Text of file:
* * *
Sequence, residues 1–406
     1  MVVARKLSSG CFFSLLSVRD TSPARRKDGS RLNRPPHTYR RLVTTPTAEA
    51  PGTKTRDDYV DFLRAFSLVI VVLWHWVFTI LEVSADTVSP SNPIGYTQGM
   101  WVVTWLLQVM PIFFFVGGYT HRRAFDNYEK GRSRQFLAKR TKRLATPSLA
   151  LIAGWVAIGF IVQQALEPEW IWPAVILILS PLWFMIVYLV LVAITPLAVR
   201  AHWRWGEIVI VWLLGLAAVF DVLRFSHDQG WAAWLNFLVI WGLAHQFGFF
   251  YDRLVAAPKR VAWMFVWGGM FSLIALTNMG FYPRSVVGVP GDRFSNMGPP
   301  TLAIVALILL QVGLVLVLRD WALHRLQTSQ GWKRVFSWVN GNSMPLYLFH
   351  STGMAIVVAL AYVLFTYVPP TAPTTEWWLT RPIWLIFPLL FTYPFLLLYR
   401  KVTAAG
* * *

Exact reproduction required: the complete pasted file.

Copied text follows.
Sequence, residues 1–406
     1  MVVARKLSSG CFFSLLSVRD TSPARRKDGS RLNRPPHTYR RLVTTPTAEA
    51  PGTKTRDDYV DFLRAFSLVI VVLWHWVFTI LEVSADTVSP SNPIGYTQGM
   101  WVVTWLLQVM PIFFFVGGYT HRRAFDNYEK GRSRQFLAKR TKRLATPSLA
   151  LIAGWVAIGF IVQQALEPEW IWPAVILILS PLWFMIVYLV LVAITPLAVR
   201  AHWRWGEIVI VWLLGLAAVF DVLRFSHDQG WAAWLNFLVI WGLAHQFGFF
   251  YDRLVAAPKR VAWMFVWGGM FSLIALTNMG FYPRSVVGVP GDRFSNMGPP
   301  TLAIVALILL QVGLVLVLRD WALHRLQTSQ GWKRVFSWVN GNSMPLYLFH
   351  STGMAIVVAL AYVLFTYVPP TAPTTEWWLT RPIWLIFPLL FTYPFLLLYR
   401  KVTAAG